Tag Archives: worldbuilding

Worldbuilding for Realistic Fiction

I am proud to admit I write in many genres. I’ve been known to write light-hearted fantasy, speculative/science fiction, lite horror, a little supernatural, period realistic fiction, and contemporary fiction. People seem surprised when I say I use worldbuilding techniques on ALL of these genres. The last two are the ones that get raised eyebrows. Yes, I worldbuild for realistic fiction. No, it is not “doing research” exclusively. Every fictional world operates on core structures, and these are psychological constructs

Demons of Writing: The First Draft

First pages aren’t as big of an issue, these days. More people are putting their feelings into words than ever before with social media. Content and quality aren’t so important in that venue, but the virtue is in more people using words to articulate their thoughts. Distraction and other physical inhibitions exist in spades, but actually sitting down to write a creative project still means facing a few unique demons. Many of these afflict new writers or students, but they do

Plot Twists: Expanding Your World

Story structures require control of perception and the element of surprise. Plotting is all about retaining and releasing information to create dramatic and purposeful connections between the elements of the story. Plot twists (here simply defined as revelatory moments that drastically change the scope of the story) and their huge power to reshape a reader’s expectations, require calculated risk. “Playing it safe” can mean a flat scene and a completely outlandish shift could lose readers’ willingness to go along. A feel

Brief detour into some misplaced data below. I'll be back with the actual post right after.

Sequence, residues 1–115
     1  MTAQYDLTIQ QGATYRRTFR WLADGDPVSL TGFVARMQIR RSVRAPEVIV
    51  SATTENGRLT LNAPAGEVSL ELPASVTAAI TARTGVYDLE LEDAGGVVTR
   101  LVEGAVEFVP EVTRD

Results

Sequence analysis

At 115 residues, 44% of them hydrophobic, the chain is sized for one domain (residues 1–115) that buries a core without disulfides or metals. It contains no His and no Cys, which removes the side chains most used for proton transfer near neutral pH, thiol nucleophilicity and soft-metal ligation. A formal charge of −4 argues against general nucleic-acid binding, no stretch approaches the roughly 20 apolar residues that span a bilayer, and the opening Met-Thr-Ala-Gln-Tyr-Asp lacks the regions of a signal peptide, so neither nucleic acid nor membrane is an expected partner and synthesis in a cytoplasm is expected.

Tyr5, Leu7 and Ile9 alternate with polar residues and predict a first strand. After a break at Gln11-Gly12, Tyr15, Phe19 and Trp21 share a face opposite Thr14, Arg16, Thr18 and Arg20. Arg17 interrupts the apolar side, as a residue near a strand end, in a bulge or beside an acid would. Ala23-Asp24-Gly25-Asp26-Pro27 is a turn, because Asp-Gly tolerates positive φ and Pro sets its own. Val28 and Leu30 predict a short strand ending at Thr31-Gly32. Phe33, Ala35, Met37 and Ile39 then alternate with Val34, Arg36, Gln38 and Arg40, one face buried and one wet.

Planning a Novel: Types and Tools

Planning a story can be a minefield of distraction. Large works, like novels and series, often benefit from setting structures for the story. Even small works, short stories and poems, show improvement when preparation is done for the content, tone, and message. To avoid endless preparation, remember structured planning is a tool, not a solution, for writing a draft. Creative people have a strange relationship with tools. A carver takes pride in his variety of sharpened knives. A musician cultivates

Prewriting, Tools, and Techniques

Planning and prewriting differ greatly. While both activities have the potential to address structure, prewriting is specifically done before a draft (whereas planning/structuring can be done during the action of the draft). Prewriting, as taught in schools, is composed of charts, maps, lists, and/or craft projects with glue sticks and glitter. At that point, all teachers want is a student to learn to construct thoughts in written form. Bonus points awarded if these thoughts formed either a fundamental narrative or

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